All this means that this year it is even less likely than other years we will know who has been elected President. Technically we’ve never known the results of the election on election night; we’ve known what the media’s exit polling and what state’s reporting says the popular vote was. (Side note: We never should have gotten used to the media “calling” a state with 1% of the vote being counted!)

The popular vote has been adhered to by the vast majority of Electors in this country’s history, so in modern history there has never been much reason to doubt the outcome of the counting of Elector’s Certificates in January. In 2000, however, that process was thrown into doubt when the state of Florida’s Electors were in limbo due to a popular vote that was highly contested between Al Gore (D) and George W. Bush (R). Ultimately, the Supreme Court ruled that there was no longer enough time to continue recounting the popular vote ballots in Florida and give Electors time to vote and deliver the Certificates to Washington DC, and so the ballot counting was suspended and George W. Bush gained control of Florida’s Electors and thus won the White House. (Side note: Again, the national popular vote doesn’t matter at all, it is the popular vote at the state level that matters. So despite Hillary Clinton getting more popular votes overall in 2016, that didn’t impact the number of electors she got. For instance, once she won California, she got their Electors. It didn’t matter if she won California by 1 vote or 10 million votes to the distribution of Electors.) Under the Constitution, though, if Florida couldn’t get its Certificates to Washington DC in time, then they just wouldn’t get counted, and the number to win would drop because there would be fewer Electoral Certificates to count.

During a pandemic where the US Postal Service has had mail sorting machines taken out of service, where states have had to cope with a flood of mail in ballots, where it looks like a record number of people are voting, and where some states are prohibited from counting ballots except within a strict window of time and other states have large windows in which to count, it seems probable that we will have a number of delays in knowing the outcome of the popular vote.

It also is possible (though how probable is uncertain), that some states could step away from their norms surrounding the Electoral College and who gets control of the Electors. If that should happen, it is also possible (though again, how probable is unclear) that there could be challenges to the Certificates on January 6.

All in all, we should be prepared for the possibility (note: not the probability, the possibility) of not knowing a winner of the Presidency until the wee small hours of the morning of January 7.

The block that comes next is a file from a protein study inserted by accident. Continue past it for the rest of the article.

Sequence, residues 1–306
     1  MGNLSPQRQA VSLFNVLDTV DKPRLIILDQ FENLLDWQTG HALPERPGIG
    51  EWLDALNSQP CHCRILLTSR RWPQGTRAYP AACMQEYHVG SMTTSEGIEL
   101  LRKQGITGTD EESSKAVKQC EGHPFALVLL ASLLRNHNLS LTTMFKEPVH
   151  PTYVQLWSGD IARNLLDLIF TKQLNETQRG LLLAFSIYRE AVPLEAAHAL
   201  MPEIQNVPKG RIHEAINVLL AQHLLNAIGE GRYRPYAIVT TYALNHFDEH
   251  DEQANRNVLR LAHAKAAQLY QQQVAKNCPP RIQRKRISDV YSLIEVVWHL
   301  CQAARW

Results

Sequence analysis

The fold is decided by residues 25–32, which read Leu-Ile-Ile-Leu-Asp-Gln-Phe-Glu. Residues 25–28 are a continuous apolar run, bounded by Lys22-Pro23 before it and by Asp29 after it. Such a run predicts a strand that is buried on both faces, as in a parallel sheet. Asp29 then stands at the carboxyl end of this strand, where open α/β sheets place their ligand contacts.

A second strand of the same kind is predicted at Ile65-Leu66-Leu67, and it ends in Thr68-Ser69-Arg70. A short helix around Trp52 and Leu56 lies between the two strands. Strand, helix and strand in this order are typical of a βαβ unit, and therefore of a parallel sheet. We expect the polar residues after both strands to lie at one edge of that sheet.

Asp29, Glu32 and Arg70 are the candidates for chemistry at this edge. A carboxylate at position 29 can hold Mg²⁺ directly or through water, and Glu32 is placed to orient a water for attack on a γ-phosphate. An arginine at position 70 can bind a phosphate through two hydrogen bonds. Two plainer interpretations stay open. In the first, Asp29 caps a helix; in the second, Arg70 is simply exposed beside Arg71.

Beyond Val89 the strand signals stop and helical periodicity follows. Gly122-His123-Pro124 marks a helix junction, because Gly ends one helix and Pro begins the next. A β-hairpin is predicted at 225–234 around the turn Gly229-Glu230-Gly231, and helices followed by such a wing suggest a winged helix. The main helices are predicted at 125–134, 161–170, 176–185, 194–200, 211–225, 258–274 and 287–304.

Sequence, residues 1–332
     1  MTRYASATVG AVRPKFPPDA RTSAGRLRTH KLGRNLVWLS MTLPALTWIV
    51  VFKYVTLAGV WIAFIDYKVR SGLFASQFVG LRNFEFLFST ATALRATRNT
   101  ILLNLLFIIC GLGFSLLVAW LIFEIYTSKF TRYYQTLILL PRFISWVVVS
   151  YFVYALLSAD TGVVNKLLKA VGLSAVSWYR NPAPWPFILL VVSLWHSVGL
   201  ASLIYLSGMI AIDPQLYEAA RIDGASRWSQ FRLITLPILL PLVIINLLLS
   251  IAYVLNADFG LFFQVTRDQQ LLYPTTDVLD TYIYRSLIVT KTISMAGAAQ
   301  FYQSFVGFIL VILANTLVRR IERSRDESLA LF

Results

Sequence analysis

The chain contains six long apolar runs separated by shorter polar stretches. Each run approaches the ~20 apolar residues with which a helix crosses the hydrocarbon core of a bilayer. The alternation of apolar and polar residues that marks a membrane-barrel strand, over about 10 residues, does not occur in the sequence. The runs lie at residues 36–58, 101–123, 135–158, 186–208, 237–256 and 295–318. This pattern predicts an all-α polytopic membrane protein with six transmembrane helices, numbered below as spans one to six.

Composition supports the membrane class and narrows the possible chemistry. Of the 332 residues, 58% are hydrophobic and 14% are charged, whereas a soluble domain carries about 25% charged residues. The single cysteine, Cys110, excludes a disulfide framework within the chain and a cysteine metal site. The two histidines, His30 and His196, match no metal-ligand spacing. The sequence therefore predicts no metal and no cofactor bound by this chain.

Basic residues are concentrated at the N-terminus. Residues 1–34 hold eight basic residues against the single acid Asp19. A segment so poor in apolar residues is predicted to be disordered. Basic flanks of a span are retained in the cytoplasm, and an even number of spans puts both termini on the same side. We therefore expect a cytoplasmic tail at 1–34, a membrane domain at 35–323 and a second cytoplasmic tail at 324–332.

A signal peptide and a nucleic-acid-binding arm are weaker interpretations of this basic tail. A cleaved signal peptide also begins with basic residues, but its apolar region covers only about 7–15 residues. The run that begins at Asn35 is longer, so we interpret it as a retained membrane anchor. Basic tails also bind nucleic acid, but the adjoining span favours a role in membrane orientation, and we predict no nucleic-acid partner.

I’ll close with the wisdom of the Hitchhiker’s Guide to the Galaxy, which says on it in comforting letters:

“Don’t Panic.”

If you want even more details about this, you can visit the Congressional Research Service and the US Constitution and read about it on your own!

Honors in Social Studies at BHS

It’s this time of year when students and parents turn their thoughts to next year’s classes.  A common question we get is whether or not to pursue Honors level work in those classes.  The Department has spent a lot of time pondering this question, and we’d like to offer some basic guidelines to help families to make these decisions.

Qualities of an Honors student include:

  1. Being in school. Our analysis tells us that students who find success at the Honors level are absent no more than 3 times per semester at the most.
  2. Doing homework independently. Successful Honors students complete 95% or more of their homework without being nagged by parents or teachers to do so.
  3. Being an active participant. Successful Honors students contribute to class discussion regularly and without the teacher prompting them to do so.
  4. Being opinionated but with evidence. Successful Honors students are able to form and articulate an opinion and back it up with evidence. They can do this both orally and in writing.
  5. Being curious about the world. Successful Honors students are interested in the world around them. They follow current events, consume news items on their own and are interested in talking about them. They have an ambition to see the places they hear and read about.
  6. Being a reader. Successful Honors students see reading as enjoyable, not as a burden or a chore. They regularly spend time with books, magazines, newspapers, web articles, etc.
  7. Being motivated for their own success. Successful Honors students are self-motivated to: master material; improve their performance; and to work hard every day.
  8. Being resilient. Successful Honors students are able to bounce back from set-backs. They have a growth mindset about improving themselves and their performance. They believe in their ability to improve, and they take feedback constructively.
  9. Being strong students. Successful Honors students know how to be a student.  They are adept at note-taking, test preparation and organization.
  10. Being passionate about the social sciences. If there isn’t an interest in the subject matter, why bother taking Honors? Successful Honors students want to know more about the subject and are passionate about the topics the course covers. Of course, not all topics will inspire the same level of passion, but Honors requires a higher level of interest overall.

We’d expect to see an Honors student demonstrate a high level of achievement in his or her classes, but we don’t make our recommendations solely on the basis of the grade the student earned in our classes.  So if you or your child is contemplating Honors work in the Social Studies, go through the above 10 items and have an honest conversation about them.  If you can answer yes to all 10, coupled with strong marks this year, then this seems like an easy choice.  If the answer is no to some and yes to others, then include the teacher in the conversation and ask his or her opinion!  And if the answer is no to the majority, then Honors is not going to be the path to take next year.